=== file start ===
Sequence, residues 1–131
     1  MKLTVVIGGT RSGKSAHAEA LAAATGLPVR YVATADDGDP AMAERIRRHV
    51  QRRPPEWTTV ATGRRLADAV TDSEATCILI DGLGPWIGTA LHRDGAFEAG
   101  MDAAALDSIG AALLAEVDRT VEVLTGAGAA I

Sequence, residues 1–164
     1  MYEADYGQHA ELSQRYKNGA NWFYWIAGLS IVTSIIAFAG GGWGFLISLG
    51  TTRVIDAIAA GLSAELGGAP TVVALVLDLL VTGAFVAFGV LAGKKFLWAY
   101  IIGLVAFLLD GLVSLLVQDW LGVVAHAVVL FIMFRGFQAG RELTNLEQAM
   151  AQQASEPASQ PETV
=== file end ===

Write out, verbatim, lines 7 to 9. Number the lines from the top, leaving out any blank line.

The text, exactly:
    51  TTRVIDAIAA GLSAELGGAP TVVALVLDLL VTGAFVAFGV LAGKKFLWAY
   101  IIGLVAFLLD GLVSLLVQDW LGVVAHAVVL FIMFRGFQAG RELTNLEQAM
   151  AQQASEPASQ PETV